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OKLAHOMA CITY (KFOR) – The scary thing about COVID-19 is there’s a lot we just don’t know, something that can lead to stress and anxiety. 

Experts say it’s important to have a way to deal with that stress to keep from getting overwhelmed.  

“Something like this is new for so many of us, and it calls for us to adapt,” Psychologist Dr. Jack O’Donnell told News 4. “To adapt in the best ways that we can so we don’t get overwhelmed by the emotions that it may generate.”

O’Donnell says during the coronavirus pandemic, it’s important to take care of yourself, even if you’re not infected, to keep anxiety from creeping in. 

“Meditation, if one can get outside, it can alleviate the feeling of being trapped inside the home,” O’Donnell said.  “There’s something about being in the outside air that can be helpful. Prayer, if a person is a person of faith.”

It’s easy to just want an escape, but O’Donnell says to make sure you’re doing something intentional with your time.  Not just looking for a distraction. 

“Distracting ourselves isn’t very helpful. It’s better to do something that would be intentional,” O’Donnell said.  “Whether that’s reach out to a friend and be supportive and receive support.”

O’Donnell says intentional means finding something you know works and keeps you calm. 

He also says you can overdo it. 

That’s why you see a mad dash to the stores for toilet paper and other panic shopping.  

“One of the things that impacts all of us can be related to a sense of helplessness,” O’Donnell said.  “We can’t do anything, so at least that’s something that people feel they can do to protect themselves.”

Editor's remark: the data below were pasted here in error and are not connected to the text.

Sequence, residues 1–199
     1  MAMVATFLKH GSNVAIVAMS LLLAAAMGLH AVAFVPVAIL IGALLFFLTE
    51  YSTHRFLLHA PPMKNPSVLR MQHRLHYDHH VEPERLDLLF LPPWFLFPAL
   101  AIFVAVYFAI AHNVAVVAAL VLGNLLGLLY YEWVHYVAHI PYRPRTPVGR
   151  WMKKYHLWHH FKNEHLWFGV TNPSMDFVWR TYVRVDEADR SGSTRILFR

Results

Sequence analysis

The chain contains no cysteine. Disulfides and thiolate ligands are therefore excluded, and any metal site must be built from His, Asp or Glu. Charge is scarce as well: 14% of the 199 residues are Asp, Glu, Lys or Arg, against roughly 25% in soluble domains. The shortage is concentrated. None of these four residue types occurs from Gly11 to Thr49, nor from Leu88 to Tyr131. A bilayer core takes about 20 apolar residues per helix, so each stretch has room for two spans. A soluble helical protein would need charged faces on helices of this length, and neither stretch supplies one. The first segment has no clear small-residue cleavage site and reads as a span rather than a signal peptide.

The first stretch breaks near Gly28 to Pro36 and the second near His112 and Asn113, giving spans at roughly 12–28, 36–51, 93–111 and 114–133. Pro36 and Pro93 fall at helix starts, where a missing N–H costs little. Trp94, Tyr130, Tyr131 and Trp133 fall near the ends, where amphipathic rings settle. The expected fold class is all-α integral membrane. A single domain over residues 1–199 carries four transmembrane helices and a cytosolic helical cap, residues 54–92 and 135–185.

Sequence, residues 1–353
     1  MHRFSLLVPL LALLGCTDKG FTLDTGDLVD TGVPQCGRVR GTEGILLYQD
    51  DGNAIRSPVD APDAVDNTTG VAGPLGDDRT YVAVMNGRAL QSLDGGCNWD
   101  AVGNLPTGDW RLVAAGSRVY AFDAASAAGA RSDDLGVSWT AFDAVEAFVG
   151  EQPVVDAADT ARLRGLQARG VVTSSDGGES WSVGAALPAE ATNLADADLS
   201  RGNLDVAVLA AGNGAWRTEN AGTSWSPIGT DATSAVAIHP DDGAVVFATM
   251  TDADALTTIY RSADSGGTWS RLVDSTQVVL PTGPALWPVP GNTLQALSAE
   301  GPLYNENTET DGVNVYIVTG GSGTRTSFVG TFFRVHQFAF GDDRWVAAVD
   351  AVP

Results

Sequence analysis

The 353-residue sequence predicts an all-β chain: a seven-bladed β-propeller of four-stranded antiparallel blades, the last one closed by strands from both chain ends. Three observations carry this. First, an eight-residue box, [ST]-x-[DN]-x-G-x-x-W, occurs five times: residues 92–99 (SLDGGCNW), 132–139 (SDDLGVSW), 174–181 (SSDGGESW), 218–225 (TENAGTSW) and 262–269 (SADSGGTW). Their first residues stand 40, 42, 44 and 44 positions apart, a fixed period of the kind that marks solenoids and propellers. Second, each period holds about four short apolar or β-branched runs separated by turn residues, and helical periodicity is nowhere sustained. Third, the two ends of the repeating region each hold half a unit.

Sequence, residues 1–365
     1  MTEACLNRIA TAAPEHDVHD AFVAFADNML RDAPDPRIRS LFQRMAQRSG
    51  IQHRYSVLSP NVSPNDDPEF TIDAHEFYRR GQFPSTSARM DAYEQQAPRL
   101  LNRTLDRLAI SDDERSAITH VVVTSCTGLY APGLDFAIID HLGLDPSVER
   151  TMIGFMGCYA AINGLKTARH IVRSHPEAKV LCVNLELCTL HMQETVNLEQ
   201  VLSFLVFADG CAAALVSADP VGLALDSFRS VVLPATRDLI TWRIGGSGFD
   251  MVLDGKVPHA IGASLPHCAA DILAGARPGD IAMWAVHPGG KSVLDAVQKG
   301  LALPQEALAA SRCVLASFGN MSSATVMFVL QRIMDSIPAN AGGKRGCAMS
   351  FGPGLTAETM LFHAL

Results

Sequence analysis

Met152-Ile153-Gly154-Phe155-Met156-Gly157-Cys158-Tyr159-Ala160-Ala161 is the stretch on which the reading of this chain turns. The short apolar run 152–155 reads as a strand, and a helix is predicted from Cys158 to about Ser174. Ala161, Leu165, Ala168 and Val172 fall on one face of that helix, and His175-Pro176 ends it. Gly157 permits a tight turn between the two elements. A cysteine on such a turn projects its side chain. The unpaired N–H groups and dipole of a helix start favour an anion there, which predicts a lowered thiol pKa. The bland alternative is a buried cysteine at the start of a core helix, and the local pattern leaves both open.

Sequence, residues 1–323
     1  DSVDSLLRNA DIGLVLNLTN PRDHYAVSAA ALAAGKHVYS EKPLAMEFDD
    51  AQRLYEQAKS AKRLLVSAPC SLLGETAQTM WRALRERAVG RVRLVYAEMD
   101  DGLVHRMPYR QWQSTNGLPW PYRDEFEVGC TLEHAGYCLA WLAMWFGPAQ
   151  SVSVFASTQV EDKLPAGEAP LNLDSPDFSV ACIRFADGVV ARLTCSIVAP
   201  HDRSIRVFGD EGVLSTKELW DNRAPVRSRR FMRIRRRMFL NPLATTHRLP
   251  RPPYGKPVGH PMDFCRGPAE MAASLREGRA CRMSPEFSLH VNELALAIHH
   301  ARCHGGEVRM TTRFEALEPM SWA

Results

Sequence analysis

Another source of stress can be talking to your kids about the coronavirus. 

Licensed therapist, Doctor Rebecca Cole, says it’s important to keep an open line of communication with your kids. 

If they are young, it’s important to not let them see you panic, because they are taking all of their cues from you.  ​

“The children see that. That’s going to make it real difficult for them to understand that there’s nothing to worry about,” Cole told News 4. “One of the easiest things is just to explain to them, we’ve got some people that are really sick so we are trying to not let anyone else get sick.”

If your kids are older, Cole says honest is the best policy. 

The worst thing a parent can do is be afraid to have a real conversation with their teenagers.  

“They either don’t answer them accurately, or they don’t answer them at all, and the kids just make their own whatever they think it might be,” Cole said.  “They usually aren’t right.”

If you are feeling emotional distress due to COVID-19, you can call the Disaster Distress Hotline at 1-800-985-5990.